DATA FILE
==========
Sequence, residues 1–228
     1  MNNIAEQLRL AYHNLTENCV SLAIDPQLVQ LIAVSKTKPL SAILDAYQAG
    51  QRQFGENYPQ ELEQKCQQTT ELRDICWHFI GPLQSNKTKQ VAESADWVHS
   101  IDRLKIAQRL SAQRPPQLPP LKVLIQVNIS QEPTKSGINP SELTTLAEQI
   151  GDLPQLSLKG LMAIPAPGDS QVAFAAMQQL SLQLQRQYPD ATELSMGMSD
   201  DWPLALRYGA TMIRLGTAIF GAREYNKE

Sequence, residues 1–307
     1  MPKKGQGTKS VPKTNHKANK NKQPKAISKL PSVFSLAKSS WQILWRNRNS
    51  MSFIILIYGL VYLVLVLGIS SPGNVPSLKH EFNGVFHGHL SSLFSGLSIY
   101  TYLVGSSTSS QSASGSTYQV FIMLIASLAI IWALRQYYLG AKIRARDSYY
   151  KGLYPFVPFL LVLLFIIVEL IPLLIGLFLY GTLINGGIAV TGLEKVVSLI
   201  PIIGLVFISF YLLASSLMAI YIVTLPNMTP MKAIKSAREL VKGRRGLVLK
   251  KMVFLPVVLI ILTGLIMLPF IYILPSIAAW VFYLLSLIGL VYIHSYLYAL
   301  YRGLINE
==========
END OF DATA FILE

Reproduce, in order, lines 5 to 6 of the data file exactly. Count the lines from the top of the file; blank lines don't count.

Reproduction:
   151  GDLPQLSLKG LMAIPAPGDS QVAFAAMQQL SLQLQRQYPD ATELSMGMSD
   201  DWPLALRYGA TMIRLGTAIF GAREYNKE